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strange problems with Random

  • To: mathgroup at
  • Subject: [mg47812] strange problems with Random
  • From: Andrzej Kozlowski <akoz at>
  • Date: Tue, 27 Apr 2004 04:48:05 -0400 (EDT)
  • Sender: owner-wri-mathgroup at

Recently Mark Coleman wrote a message with the subject "Differences in 
Random Numbers" in which he described his experience of getting 
statistically incorrect answers when using  
Random[UniformDistribution[0,1]] instead of simple Random[]. Jens Kuska 
and Bill Rowe pointed out that the package  ContinuousDistributions 
contains the code

UniformDistribution/: Random[UniformDistribution[min_:0, max_:1]] :=
Random[Real, {min, max}]

and that seemed to be it. However, I have now encountered a problem 
that makes me feel strongly that there is more to this problem than it 
seemed to me at first.

I have been doing some Monte Carlo computations of values of of 
financial options for the Internet based course on this subject I am 
teaching for Warsaw University.  In the case of the simplest options, 
the so called vanilla european options, an exact formula (due to black 
and Scholes) is known. Neverheless, computations with Mathematica using 
the function

Random[NormalDistribution[mu,sigma]] (for some fixed mu and sigma) have 
been giving answers which are consistently higher than the 
Black-Scholes value. On the other hand, when 
Random[NormalDistribution[mu,sigma]]  is replaced by the following code 
using a well known algorithm due to Marsaglia:

RandomNormal=Compile[{mu, sigma}, Module[{va = 1., vb, rad =
       2.0, den = 1.}, While[rad ³ 1.00, (va = 2.0*Random[] - 1.0;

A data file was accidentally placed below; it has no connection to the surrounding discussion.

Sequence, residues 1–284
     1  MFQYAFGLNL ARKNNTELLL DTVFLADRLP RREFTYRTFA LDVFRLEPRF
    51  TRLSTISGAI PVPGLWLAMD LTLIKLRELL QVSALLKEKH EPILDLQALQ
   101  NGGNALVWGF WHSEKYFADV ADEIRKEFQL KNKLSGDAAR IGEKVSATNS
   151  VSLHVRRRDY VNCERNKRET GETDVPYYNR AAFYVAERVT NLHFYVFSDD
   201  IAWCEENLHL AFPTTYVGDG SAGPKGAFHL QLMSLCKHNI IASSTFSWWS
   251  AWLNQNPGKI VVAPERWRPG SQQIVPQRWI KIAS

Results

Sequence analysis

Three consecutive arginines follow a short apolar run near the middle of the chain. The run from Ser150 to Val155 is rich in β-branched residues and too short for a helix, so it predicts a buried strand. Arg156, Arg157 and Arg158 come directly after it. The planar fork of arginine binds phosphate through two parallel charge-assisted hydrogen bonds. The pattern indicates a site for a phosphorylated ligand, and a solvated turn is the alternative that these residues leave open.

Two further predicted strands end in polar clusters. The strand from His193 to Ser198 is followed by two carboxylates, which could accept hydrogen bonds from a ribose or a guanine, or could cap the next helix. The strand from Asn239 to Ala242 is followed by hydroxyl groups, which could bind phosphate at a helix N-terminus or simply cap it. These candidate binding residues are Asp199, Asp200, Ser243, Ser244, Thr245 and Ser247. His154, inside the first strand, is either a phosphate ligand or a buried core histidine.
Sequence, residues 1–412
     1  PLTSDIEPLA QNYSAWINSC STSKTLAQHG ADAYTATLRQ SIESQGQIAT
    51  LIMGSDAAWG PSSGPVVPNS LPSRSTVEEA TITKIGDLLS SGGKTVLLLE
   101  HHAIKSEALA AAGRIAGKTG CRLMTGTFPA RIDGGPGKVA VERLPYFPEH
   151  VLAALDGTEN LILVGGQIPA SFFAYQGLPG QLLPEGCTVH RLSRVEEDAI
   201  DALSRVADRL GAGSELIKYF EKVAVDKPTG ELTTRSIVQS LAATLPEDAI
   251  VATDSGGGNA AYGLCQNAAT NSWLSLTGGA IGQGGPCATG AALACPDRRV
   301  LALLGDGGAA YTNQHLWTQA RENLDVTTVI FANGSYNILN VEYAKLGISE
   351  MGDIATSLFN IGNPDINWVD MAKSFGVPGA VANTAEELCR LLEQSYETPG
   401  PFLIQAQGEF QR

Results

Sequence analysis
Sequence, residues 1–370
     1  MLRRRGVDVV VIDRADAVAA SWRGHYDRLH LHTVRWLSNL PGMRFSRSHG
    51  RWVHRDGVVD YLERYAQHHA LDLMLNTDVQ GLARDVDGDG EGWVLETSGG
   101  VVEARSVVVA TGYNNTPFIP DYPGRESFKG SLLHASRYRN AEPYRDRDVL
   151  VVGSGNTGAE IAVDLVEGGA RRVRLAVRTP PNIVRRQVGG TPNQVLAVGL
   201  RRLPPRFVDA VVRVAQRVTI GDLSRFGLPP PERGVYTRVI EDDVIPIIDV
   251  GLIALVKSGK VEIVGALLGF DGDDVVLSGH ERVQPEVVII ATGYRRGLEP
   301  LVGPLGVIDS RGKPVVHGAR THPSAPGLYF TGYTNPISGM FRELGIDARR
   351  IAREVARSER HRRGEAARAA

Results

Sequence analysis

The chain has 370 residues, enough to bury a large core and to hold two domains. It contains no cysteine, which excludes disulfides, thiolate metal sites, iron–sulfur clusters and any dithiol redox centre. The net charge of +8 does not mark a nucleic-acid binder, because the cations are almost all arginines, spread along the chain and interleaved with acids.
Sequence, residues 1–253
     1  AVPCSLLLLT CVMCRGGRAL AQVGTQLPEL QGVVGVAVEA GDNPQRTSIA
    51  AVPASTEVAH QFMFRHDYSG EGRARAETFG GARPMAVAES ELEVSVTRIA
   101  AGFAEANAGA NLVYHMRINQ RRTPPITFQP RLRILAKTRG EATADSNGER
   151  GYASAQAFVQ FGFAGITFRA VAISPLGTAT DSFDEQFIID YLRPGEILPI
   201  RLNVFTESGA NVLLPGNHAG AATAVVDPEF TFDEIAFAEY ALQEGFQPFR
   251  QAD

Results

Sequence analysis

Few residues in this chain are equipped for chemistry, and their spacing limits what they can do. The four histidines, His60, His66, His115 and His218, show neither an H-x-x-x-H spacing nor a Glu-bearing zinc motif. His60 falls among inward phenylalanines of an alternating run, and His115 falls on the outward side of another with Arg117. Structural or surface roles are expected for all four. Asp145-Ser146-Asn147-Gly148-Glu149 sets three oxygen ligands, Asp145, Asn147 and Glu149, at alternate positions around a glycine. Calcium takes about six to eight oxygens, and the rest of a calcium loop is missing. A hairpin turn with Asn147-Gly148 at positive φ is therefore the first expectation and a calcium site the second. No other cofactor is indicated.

vb = 2.0*Random[] - 1.0;
             rad = va*va + vb*vb)];
         den = Sqrt[-2.0*Log[rad]/rad];
         mu + sigma*va*den]];

the answers agree very closely with the Black-Scholes ones.
I am not sure if this problem is related to the one mark mentioned but 
it seems quite likely.  One could in principle test it by replacing 
Random[] by Random[Uniformdistribution[0,1]] (after loading the 
Statistics`ContinuousDistributions`) package, but if one does that the 
code will no longer compile. That makes the function to slow for tests 
that are sufficiently precise, so I have not tested it.

In any case, I am sure that using Random[Normal  ] consistently gives 
wrong answers. I looked at the Statistics`NormalDistributionPackage` 
but everything looks O.K. to me. I now tend to believe that the problem 
lies with Random itself, that is that  Random called with any 
parameters or perhaps some particular parameters may not be behaving 
correctly. Random[] called with no parameters does not seem to  suffer 
from any such problems.

Andrzej Kozlowski
Chiba, Japan

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